Intellectual Paradise

Javish Rodriguez Rivera

March 21, 2012

Historical and Travel

100 miles away from San Juan, there is a place that many people know by many names. The place was established by a collaborative work of three people, Jose de Diego, Carmelo Alemar and D.W. May. It is also known as being a place of cultural exchange and by creating new life changing experiences.

In 1899, the city of Fajardo gave the offer of 15,000 dollars to the Insular Board of Public Instruction to establish the Normal School. In 1900, Samuel McCune Lindsay commissioner of public instruction said “(…) such an institution would contribute largely to making the Island better known (…)”. The Normal School opened in August 15, 1899.

The Normal School was closed two years later because of its low enrollment of students.  People said that the Normal School was located too far and the transportation to get to the school was almost nonexistent, since most residents lived in San Juan. These caused them to move the Normal School to the city of Rio Piedras in 1901 and it was provisionally located in the old Convalescence House of the Spanish governor.

In March 12, 1903, the Law 20 “A Bill to Establish the University of Porto Rico” was approved by government of the Unites States of America. Section 2 of the law stated, “That the University thus established shall provide the inhabitants of Porto Rico as soon as possible with the means of acquiring a thorough knowledge of the various branches of literature, science, and useful arts, including agriculture and mechanical trades and with professional and technical courses in medicine, law, engineering, pharmacy and the science and art of teaching.”  By 1911 the University of Porto Rico consisted of three academic units, located in Rio Piedras, the Normal School, the Department of Agriculture and the Department of Liberal Arts.

In 1908, the Board of Trustees cancelled the courses of agriculture because of the low enrollment of students. The Department of Agriculture dedicated its full time to work on the farm, which was a laboratory to the students for demonstrating how a successful farm could be worked. After that, they hoped to create an academic program that attracted new students.

In 1909-1910, the university reopened the courses in agriculture, established a milking industry laboratory and started an experimental program of sowing. That same year, 1910, the Insular Legislature bought a land of 100 acres in the city of Mayaguez to move the Department of Agriculture. By 1911, the students of the department are moved to Mayaguez, now called College of Agriculture, and in 1912, the university changed the name to the College of Agriculture and Mechanical Arts.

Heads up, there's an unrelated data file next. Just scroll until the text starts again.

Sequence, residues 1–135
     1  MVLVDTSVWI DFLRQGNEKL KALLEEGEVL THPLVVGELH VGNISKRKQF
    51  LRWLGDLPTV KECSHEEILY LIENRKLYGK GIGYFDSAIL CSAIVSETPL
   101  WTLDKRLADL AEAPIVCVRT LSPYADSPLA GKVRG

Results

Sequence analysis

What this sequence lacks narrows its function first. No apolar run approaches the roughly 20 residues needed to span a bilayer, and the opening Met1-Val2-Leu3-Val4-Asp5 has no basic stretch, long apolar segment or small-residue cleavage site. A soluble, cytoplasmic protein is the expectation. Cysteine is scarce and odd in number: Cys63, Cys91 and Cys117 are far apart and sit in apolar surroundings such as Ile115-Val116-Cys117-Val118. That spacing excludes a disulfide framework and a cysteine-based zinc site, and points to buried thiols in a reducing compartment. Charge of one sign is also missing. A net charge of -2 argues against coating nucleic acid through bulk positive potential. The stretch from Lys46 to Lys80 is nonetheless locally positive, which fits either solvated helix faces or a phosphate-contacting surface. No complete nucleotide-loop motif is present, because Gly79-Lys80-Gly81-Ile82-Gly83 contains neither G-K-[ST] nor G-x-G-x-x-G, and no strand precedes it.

Nowadays the institution is known as the University of Puerto Rico at Mayaguez, more commonly called as “Colegio” (College) or referred to as Mayaguez. The campus after 100 years has left behind its small college structure and has become a big university campus with more than 11,000 enrolled students throughout its four academic units. The academic units consist of Agriculture (1911), Engineering (1942), Art and Science (1959) and Business Administration (1970).

The campus offers a variety of events besides the academic formation. Each week, on the website of the campus, all the events are posted. It offers from seminars, workshops and symposiums to kayaks on different cities, movie nights, fair of different themes, cycling on different cities, talent show, sports, competition and more.

Students, faculty and non-faculty members agree that the campus is the best campus in engineering and science of the University of Puerto Rico (UPR). They also agree that their experience in the university has been life changing., a fourth year student, Phillip Ongay  said, “This campus has given me the experience of having an independent life, giving me the opportunity to grow as an adult.”

Dr. Jose Arroyo a faculty member affirms, “The best thing that this campus offers is its culture and human development, achieved by the interaction of the university community.” Antonia Carrero a non-faculty member shared, “My best experience is to have students come to my office and to help them achieve their personal and academic goals.”

The Luis de Celis Hall inaugurated in 1937. Originally it was home to the Department of Agriculture and Biology

The Luis Monzon Hall inaugurated in 1939. It originally was home of the Department of Engineering.

The Fountain of the Eternal Alumni represents a tree that is made up of students who dedicated full time to the development of the campus that are roots and branches of the campus. In the background the tower of the campus in the Jose de Diego Building

 

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2 Comments

  1. verorios1 said,

    April 14, 2012 at 12:00 am04

    It has a lot of infomration it looks like you really now what you talked about. Its very good

  2. Edna Cruz said,

    April 14, 2012 at 12:00 am04

    Great story on the origins of our Alma Mater! Truly informative and serves to remind us, the students, how our Colegio came to be. A little suggestion though, try to fix the pictures a bit, they seem too big to fit in the page.


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